9 Sustainability 1,2,3 18 Winery Map West 20 Winery Map East 30 Sustainability In Practice (SIP)


46 Upcoming Events

40 Chanticleer B & B

50 Wine Recipe

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Thomas Hill Organics Ambiance, Sustainability… Delicious! By Jaylene Marotte

The pizza oven is roaring on the patio at Thomas Hill Organics. It is a beautiful night in Paso Robles and with the amazing aromas of pizza baking and heat lamps glowing to warm the guests, a lovely ambiance is created. Consistently delicious food, large variety of incredible local wines and a relaxing atmosphere draw me back to this perfect spot again and again. The executive chef, Julie Simon, was born and raised in France and one does not have to look further than the menu to see the Parisian influence in her work. The menu at Thomas Hill Organics has an unexpected elegance Seasonal that somehow still fits ingredients grown in comfortably with on their own land was the laid-back vibe of the Central Coast. a new concept A strong believer for a restaurant in in community, Chef Paso Robles. Simon strives to use her role to build lasting relationships with the local ranchers, winemakers and artisans. Reminiscent of the core values she was taught from a young age in France, Simon knows that good food builds a good community. The owners of Thomas Hill Organics, Debbie and Joe Thomas, began their journey with a simple dream and a farm. Planting fruits, vegetables and nuts on 10 acres, the Thomas’s used their produce to provide boxes for Community Supported Agriculture (CSA) programs to the Central Coast.



Four years ago when a failing wine bar was closing its doors in downtown Paso Robles, this farm finally came to the table. The concept of building a menu based on fresh, seasonal ingredients grown on their own land was a new concept for a restaurant in Paso Robles. Their care for and dedication to Thomas Hill Organics is seen through Debbie’s gracious hospitality as she warmly greets guests in the restaurant as though it were her own home. Throughout the meal, it is evident that Debbie is a very hands-on owner and lends her experience to assist with every job in the restaurant at one time or another. With a dynamic menu that changes weekly, each visit is a unique experience. Fresh, seasonal organic ingredients straight from the Thomas Hill Farm are the focus when building the menu. Also serving as a successful wine bar, it is no surprise that the wine list at Thomas Hill Organics is extensive with a great selection of wines – all local of course! A dinner at Thomas Hill Organics is guaranteed to be an evening with delicious organic foods, exceptional hospitality and world-class wines.

Thomas Hill Organics 1305 Park St. Paso Robles, CA 93446 Call 805-226-5888 Visit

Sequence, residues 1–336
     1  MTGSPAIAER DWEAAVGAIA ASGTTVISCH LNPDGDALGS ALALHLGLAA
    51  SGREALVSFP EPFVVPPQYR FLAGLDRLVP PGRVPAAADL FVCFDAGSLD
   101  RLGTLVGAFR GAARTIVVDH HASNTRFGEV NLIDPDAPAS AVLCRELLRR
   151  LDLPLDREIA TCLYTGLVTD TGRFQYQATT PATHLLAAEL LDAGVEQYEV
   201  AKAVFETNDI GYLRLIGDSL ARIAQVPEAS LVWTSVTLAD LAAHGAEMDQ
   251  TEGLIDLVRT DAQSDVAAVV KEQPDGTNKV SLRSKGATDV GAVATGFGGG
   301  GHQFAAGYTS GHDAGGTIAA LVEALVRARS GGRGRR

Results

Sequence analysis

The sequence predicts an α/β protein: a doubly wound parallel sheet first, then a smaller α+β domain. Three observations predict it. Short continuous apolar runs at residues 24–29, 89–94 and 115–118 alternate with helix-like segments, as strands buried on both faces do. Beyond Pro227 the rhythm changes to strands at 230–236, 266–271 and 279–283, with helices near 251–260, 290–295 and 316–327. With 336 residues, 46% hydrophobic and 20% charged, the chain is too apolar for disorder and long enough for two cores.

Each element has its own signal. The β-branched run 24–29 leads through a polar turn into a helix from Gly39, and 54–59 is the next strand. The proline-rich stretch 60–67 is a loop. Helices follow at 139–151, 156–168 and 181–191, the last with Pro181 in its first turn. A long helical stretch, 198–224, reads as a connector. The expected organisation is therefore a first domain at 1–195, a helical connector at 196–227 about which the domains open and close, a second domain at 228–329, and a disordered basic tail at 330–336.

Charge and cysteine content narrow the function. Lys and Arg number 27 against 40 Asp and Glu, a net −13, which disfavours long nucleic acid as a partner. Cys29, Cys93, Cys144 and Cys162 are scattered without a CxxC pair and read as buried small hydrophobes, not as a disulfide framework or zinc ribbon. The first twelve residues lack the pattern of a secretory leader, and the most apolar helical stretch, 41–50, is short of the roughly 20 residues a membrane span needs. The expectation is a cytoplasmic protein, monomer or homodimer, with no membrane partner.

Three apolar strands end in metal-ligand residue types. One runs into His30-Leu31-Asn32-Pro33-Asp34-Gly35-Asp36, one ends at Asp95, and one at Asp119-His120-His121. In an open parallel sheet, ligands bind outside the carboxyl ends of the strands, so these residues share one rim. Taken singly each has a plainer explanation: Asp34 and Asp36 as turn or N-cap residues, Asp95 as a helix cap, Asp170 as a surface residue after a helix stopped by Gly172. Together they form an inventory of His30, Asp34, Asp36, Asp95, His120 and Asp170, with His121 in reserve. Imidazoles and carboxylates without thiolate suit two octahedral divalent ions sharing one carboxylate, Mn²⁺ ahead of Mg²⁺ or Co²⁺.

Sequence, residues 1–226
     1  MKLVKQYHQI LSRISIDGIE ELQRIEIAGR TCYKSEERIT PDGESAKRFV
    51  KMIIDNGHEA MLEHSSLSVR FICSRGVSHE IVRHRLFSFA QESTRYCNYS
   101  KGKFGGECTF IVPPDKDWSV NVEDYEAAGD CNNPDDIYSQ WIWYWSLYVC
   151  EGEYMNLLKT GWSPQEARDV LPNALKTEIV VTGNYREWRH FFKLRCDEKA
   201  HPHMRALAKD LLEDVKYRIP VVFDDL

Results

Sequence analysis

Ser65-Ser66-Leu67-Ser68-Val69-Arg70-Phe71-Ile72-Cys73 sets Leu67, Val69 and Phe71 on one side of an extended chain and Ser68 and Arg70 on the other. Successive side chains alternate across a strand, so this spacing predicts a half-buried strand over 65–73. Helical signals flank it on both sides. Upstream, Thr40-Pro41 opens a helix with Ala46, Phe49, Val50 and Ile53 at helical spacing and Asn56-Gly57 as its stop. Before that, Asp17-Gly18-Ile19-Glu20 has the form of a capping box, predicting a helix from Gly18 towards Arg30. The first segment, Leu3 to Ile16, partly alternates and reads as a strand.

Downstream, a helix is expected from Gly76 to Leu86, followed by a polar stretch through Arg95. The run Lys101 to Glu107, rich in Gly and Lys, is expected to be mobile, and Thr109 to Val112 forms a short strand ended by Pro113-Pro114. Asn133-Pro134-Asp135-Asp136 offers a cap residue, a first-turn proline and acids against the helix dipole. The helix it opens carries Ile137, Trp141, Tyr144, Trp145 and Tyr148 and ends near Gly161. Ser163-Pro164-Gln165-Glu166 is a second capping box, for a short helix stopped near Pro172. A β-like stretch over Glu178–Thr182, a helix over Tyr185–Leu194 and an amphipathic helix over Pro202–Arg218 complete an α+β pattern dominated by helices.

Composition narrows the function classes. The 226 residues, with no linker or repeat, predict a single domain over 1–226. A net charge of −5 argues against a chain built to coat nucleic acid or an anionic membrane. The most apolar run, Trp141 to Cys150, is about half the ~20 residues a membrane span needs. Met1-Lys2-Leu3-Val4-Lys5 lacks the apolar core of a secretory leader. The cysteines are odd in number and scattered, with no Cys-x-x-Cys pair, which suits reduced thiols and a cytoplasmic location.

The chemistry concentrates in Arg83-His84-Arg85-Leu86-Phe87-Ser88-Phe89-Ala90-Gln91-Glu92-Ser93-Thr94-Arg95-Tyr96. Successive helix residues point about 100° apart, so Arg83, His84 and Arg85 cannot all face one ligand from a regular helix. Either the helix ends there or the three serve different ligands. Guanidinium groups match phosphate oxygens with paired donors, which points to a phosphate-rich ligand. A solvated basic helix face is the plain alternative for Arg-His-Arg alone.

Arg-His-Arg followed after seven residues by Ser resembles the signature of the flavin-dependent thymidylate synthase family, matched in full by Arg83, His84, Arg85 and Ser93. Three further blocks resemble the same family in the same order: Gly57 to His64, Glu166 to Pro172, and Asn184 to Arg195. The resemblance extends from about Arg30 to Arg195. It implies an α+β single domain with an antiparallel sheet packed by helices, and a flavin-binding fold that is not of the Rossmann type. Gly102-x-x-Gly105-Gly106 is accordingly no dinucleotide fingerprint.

Sustainability 101 Making sense of labels on responsibly-made wines

Sustainable An unregulated term for any winery that seeks to conserve natural resources. Lone Madrone Winery ( categorizes its winery as sustainable.

SIP-Certified SIP stands for “Sustainability In Practice,” a certification that guarantees that a producer has met rigorous standards including habitat conservation, energy efficiency, pest management, water conservation, economic stability and human resources. Peachy Canyon ( is SIP-certified.

Organic According to the USDA, which regulates organic certification, “organic” indicates that a wine has been produced through approved methods that foster cycling of resources, promote ecological balance and conserve biodiversity. More commonly, organic describes a wine that is produced without the use of artificial chemical fertilizers, pesticides, fungicides and herbicides. Tablas Creek Vineyard ( is a certified organic winery.

Biodynamic Biodynamic is a regulated term for a holistic approach to agriculture in which the whole of creation (the cosmos) – air, water, soil, sun and moon – are interconnected. Biodynamic farming not only encourages the elimination of all chemicals used in farming, but also involves the farmer paying close attention to the forces of nature influencing his/her farm entity. Ambyth Estate (www.AmbythEstate. com) is a certified biodynamic producer. SPRING 2013 THE WINEPRESS MAGAZINE



Formed in 2012, the Paso Robles CAB (Cabernet and Bordeaux) Collective (PRCC), strives to promote the full potential of the Paso Robles AVA in producing superior quality, classic and age-worthy Cabernet and Bordeaux varietals to consumers and media worldwide. 10








By Jaylene Marotte

Sometimes, what is meant to be will be. Tablas Creek Winery is the successful result of a shared vision and synergy between two families rooted in wine. This world-renowned winery was formed when the Haas and Perrin families partnered up to start Tablas Creek with an interest in learning more about California’s incredible potential for farming Rhone-style wines. 12